Nova Scotia

Sydney hit with 225 mm of rain, other parts of Nova Scotia get more than 100 mm

Sydney has been hit hardest so far, with 225 millimetres.

Heavy rains across the province caused flooded roads, power outages

Sydney got more than 200 millimetres of rain on Monday, according to unofficial numbers from Environment Canada. (@caperguy33/Twitter)

After struggling with unseasonably dry conditions all summer, Thanksgiving Monday brought record-setting rainfall amounts across Nova Scotia.

The intense trough of low pressure — the remnants of Hurricane Matthew meeting up with a system off the coast of the Carolinas — hit some parts of the province harder than others.

Sydney has been hit hardest so far, with 225 millimetres as of Tuesday at 3 a.m. AT. According to Environment Canada records for October between 1981 and 2010, Sydney usually receives an average of 142.2 millimetres of rain during the whole month.

Monday's rainfall blew Sydney's previous record for extreme daily rainfall out of the water when 128.8 millimetres fell on Aug. 17, 1981.

The unofficial rainfall numbers from Environment Canada, in millimetres, as of 3 a.m. AT on Tuesday:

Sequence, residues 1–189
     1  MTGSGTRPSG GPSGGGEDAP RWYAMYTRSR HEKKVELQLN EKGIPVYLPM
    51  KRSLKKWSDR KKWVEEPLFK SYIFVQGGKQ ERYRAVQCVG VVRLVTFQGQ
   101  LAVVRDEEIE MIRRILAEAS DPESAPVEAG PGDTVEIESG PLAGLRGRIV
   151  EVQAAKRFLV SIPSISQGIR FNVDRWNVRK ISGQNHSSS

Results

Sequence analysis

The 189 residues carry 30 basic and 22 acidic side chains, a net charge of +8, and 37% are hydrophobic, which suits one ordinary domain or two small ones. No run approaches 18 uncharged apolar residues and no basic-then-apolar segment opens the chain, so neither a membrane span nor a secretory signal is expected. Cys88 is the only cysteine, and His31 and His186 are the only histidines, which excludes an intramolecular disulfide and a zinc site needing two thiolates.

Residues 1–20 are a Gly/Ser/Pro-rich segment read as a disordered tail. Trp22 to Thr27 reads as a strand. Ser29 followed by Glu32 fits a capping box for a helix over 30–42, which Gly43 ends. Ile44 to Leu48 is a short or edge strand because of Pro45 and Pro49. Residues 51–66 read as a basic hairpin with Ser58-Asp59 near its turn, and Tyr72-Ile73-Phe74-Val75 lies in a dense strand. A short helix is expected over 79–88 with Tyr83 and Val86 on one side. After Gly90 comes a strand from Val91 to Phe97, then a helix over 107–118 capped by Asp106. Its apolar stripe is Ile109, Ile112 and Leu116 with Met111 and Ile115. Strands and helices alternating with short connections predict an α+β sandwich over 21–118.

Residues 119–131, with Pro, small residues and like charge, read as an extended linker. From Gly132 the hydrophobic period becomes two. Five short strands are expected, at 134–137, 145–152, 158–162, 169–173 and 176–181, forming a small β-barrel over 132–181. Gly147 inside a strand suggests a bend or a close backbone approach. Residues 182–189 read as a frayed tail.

• Baccaro Point: 72.9
  • Bedford Range: 70.7
  • Brier Island: 38.1
  • Caribou Point: 113.9
  • Cheticamp: 114.4
  • Collegeville: 120.7
  • Debert: 74.8
  • Eskasoni: 199.3
  • Greenwood: 64.8
  • Halifax International Airport: 102.8
  • Ingonish Beach: 123.6
  • Kejimkujik: 62
  • Kentville: 82.8
  • Malay Falls: 109.2
  • Nappan: 61.8
  • New Ross: 75.5
  • North Mountain: 111.1
  • Northeast Margaree: 106.2
  • Osborne Head: 109.4
  • Parrsboro: 52.8
  • Port Hawkesbury: 129.2
  • Shearwater Jetty: 93.5
  • Sydney: 224.8
  • Sydney Airport: 136.8
  • Tracadie: 116.7
  • Upper Stewiacke: 79.4
  • Western Head: 74.5
  • Yarmouth Airport: 49.2

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